All right – check cheapest possibilities first…
A multimeter was borrowed from Andy and, being the littlest, I went in behind the panel head first to test the switches. Not dignified – laid half across both seats with my feet hanging out over the strut and my head and shoulders laying on the cockpit floor (I needed both hands so couldn’t support myself!)
More discussion and I learned that what I’ve been thinking of, and calling, “left mag / right mag” are actually part of an electronic ignition system known as DCDI (Dual Capacitor Discharge Ignition). Two CDI units fire two spark plugs each, one in each of the two cylinders.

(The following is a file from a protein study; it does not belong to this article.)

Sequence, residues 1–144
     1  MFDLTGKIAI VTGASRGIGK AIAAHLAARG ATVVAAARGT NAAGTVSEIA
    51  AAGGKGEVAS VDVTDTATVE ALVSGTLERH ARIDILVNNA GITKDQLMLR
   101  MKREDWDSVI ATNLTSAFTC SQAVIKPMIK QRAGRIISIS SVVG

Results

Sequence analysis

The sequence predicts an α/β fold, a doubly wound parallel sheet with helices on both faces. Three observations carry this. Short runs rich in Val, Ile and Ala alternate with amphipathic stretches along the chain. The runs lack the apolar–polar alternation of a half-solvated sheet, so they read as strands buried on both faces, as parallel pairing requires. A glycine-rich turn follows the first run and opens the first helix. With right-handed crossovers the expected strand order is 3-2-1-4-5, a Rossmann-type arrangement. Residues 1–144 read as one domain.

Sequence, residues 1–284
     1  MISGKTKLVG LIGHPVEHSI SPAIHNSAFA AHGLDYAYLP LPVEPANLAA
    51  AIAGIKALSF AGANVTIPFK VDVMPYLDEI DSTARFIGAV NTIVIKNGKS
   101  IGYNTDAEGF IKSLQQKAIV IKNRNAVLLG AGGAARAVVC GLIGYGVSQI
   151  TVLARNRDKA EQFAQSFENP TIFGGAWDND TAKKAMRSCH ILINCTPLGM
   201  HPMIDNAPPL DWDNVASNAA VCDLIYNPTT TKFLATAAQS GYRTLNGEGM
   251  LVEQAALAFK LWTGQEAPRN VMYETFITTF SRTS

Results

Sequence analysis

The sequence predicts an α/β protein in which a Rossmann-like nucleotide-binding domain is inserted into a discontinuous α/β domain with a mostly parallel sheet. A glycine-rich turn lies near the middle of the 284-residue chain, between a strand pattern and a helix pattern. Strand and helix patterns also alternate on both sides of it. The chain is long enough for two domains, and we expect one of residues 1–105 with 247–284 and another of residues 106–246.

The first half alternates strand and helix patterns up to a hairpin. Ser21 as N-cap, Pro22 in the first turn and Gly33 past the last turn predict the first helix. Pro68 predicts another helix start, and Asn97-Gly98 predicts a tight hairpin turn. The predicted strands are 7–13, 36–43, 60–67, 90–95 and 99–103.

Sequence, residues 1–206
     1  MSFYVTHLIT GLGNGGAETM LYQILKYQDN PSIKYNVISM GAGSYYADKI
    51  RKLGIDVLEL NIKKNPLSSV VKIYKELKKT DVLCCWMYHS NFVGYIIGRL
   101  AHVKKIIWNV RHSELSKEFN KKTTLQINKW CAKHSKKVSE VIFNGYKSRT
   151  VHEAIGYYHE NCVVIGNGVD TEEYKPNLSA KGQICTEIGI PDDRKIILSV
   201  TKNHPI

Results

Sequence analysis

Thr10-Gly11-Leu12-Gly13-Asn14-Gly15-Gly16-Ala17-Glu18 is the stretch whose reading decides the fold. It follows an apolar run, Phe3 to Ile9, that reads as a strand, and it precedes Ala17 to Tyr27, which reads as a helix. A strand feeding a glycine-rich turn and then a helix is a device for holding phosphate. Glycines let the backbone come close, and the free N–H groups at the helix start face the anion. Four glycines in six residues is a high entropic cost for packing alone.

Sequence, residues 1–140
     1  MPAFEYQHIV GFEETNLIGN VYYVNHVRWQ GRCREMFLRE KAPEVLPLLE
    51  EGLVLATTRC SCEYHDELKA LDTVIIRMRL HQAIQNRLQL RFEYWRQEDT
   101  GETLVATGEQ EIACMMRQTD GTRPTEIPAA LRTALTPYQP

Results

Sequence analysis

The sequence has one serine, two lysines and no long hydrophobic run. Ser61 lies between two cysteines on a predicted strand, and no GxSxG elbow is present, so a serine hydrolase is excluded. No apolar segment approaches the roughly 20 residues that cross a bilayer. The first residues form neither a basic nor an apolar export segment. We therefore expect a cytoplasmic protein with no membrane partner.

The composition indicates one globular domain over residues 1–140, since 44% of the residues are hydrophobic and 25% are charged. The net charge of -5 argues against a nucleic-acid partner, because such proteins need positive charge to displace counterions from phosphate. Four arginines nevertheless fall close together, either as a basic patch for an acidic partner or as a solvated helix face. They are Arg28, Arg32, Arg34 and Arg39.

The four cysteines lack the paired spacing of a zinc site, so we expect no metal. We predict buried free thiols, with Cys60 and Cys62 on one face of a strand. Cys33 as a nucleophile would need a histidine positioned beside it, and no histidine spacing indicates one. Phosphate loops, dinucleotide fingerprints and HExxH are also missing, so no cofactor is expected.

They’re positioned front and back and no one knew which left/right switch was front and back so the next step was pulling leads of and trying it with the upshot that the final diagnosis was either the frontmost CDI had popped it’s clogs or that the associated wiring had.
Wiring is cheaper – that first!
But tracing cables is slow so with regret we said goodbye to the instructor, cursed our luck to have a tech problem on the best flying day of the year so far and pushed the aircraft back to her spot to investigate further.
And there perhaps we’ve found the problem – some distinctly underspec crimping in the connectors from the engine to the airframe / instruments was in evidence. At least one cable was finger loose and pulled from its connector. Two more actively fell from their connectors as we pulled at cables to move things to a workable position.
Can it be that cheap a fix? Here’s hoping…